I was in the mood to blog about a good horror novel tonight, so I pulled a few from my shelves. Incidentally, these shelves are one of the few sources of tension in my marriage (or rather the books that inhabit them), and I’m currently in the Knowing My Wife Is Right about Downsizing My Book Collection but Still Being Too Stubborn to Admit It stage. But dang it, who knows when the The Encyclopedia of Rare Australian Marsupials might come in handy? Research! I tell my wife. It’s needed for research!
“And that book of Alexander Pope criticism you’re still holding onto from that grad class you took twelve years ago?” my wife asks.
“Um….research?” I say.
“You’ve never even opened it.”
I cross my arms and cradle the book of criticism a little tighter. “Well, I might.”
At that point she usually sighs, goes downstairs, and leaves me with the crappy critical-essays-about-Pope book and the mating rituals of the southern hairy-nosed wombat.
Score one for my side!
Anyway, the book I decided to blog about tonight is When Michael Calls. It’s by John Farris, an author everyone should know, but one with whom I fear many are unfamiliar. In case you’re in the latter camp, this isn’t the guy who invented the Ferris wheel. If he would have, it would probably go fast enough to make your head explode or perhaps cough out its riders at the apex of its revolution and send them plummeting to their deaths. That’s the kind of writer we’re talking about.
I’m going to give you a very vague picture of the book, but that’s by design. If I were to tell you more, it’d be ruining things, and that’s the last thing I want to do with this blog (unless you consider revealing the mating habits of hairy-nosed wombats a spoiler—that’ll be one of my future posts, by the way…look for it right after my examination of dialectical paradigms in the minor essays of Alexander Pope).
From Amazon, everyone’s favorite mom and pop bookstore: “When Helen Connolly receives a phone call from a little boy claiming to be her nephew Michael, she must discover if the caller is indeed Michael and what he wants, because Michael has been dead for sixteen years.”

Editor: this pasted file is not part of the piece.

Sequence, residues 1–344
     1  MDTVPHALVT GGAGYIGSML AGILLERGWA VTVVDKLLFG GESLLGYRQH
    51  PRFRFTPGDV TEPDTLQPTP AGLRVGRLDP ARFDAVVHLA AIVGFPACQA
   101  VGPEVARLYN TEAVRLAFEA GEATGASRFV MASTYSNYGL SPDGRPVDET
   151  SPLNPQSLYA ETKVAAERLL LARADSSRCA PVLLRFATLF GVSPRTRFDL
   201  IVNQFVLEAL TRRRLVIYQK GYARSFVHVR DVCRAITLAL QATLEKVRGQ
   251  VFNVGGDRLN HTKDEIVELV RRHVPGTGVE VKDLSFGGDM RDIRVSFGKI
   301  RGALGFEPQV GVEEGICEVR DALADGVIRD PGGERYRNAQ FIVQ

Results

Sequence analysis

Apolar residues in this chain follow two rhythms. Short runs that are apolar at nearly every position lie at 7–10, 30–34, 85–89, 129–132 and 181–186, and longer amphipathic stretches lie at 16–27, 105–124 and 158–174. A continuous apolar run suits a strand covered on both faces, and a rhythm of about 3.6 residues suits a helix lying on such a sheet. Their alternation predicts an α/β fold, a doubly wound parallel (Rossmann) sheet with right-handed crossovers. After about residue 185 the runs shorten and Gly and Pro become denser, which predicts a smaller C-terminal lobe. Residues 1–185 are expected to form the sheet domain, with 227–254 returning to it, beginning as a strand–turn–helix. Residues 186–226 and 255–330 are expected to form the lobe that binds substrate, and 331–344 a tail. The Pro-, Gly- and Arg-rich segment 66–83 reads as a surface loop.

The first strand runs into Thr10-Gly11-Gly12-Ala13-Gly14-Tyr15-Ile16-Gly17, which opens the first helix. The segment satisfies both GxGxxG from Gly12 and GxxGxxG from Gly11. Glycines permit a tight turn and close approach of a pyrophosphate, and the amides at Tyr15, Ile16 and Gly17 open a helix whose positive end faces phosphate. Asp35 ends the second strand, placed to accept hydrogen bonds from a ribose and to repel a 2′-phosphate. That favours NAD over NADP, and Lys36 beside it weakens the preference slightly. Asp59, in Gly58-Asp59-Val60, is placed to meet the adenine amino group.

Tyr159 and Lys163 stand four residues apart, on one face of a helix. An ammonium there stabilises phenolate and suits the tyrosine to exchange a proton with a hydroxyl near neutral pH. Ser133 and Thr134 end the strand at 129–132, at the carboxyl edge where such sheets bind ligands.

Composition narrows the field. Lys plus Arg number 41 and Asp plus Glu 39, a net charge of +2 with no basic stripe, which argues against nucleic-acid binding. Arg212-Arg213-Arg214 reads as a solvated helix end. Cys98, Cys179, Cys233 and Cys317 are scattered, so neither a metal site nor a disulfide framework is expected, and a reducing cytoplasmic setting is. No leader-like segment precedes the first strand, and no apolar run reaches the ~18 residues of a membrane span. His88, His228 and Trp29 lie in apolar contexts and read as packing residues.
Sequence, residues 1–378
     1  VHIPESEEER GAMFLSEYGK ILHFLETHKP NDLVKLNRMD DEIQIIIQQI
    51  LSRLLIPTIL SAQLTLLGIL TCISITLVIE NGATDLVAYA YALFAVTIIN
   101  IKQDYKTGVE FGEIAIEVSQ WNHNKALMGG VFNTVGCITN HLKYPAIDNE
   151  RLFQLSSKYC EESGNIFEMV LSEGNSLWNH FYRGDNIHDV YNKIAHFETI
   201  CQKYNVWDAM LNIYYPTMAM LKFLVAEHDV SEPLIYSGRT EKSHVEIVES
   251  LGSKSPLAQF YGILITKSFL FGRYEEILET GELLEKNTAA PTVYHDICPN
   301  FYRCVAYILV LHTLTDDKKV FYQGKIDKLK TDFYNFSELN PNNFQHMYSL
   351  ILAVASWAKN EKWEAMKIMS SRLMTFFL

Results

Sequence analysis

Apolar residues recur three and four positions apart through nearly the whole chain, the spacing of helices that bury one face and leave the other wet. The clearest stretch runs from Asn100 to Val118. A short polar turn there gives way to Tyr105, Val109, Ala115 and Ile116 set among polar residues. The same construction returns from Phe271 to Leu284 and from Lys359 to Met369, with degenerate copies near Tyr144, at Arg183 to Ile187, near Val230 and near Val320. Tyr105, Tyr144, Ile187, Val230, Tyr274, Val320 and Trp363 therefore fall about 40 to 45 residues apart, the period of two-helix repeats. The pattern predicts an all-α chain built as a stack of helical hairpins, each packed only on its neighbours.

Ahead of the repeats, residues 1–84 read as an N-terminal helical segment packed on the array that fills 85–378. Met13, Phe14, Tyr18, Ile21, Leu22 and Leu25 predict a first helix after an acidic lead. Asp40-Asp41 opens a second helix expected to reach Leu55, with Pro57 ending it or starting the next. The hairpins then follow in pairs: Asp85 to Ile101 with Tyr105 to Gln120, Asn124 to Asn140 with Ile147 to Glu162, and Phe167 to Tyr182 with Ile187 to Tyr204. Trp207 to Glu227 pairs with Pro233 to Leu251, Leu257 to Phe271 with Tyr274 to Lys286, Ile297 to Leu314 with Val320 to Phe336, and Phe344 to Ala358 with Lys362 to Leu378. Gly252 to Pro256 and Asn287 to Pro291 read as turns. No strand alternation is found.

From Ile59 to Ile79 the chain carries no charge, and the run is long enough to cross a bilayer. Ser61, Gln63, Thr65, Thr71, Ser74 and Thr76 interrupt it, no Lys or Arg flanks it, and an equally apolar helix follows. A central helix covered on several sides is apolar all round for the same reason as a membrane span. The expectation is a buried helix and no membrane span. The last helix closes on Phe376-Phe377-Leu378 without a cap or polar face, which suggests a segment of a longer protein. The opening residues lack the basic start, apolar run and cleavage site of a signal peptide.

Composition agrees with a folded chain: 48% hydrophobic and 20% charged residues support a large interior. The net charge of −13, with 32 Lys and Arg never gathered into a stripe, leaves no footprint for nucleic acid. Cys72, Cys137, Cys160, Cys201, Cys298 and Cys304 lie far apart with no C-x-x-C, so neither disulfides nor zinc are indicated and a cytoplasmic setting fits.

Okay, that description kind of sucks, doesn’t it? It also doesn’t tell you much of anything. The novel could be R.L. Stine‘s latest Goosebumps opus, or throw in an abusive husband and a wife finding enlightenment in the bed of a Mongolian yak shepherd and you’ve got an Oprah book.
In his introduction for the book, Stephen King calls it, “…a tightly constructed marvel of plot, and it spirals up and up to a nerve-racking, nail-biting, sweaty climax.” High praise, no? And as usual, I agree with King. The book is lean and mean and scary and ferocious. It also only has two reviews on Amazon, one of which gives it one star. Now people can disagree with me all they want. I might never talk to them again or acknowledge they’re still alive, but that’s normal, right? The point is, by month’s end, I want Amazon to be glutted with four and five-star reviews for this fine novel.
Still not sold? Alright, I’ll share a couple observations about the novel that might just sway you. One, it’s an incredibly quick read. That isn’t to say the book’s poorly written or simplistic—it’s neither. But Farris knew what kind of story this was and simply let ‘er rip. The thing reads like a runaway train (with a boxcar full of killer bees).
Secondly (and lastly), I’ll say this. There are books that surprise me. There are books that shock me. And then there are books that once or twice bash me over the head so powerfully and so unexpectedly that I sit there reeling in a kind of dopey fugue state for several minutes just marveling about what the author has just accomplished.
When Michael Calls belongs in the same category. And that, my friends, is saying a lot.
Good night, Friends. I’m going to go upstairs now to learn more about Alexander Pope. Or shred my bare knuckles on a cheese grater. Whichever sounds best at the time.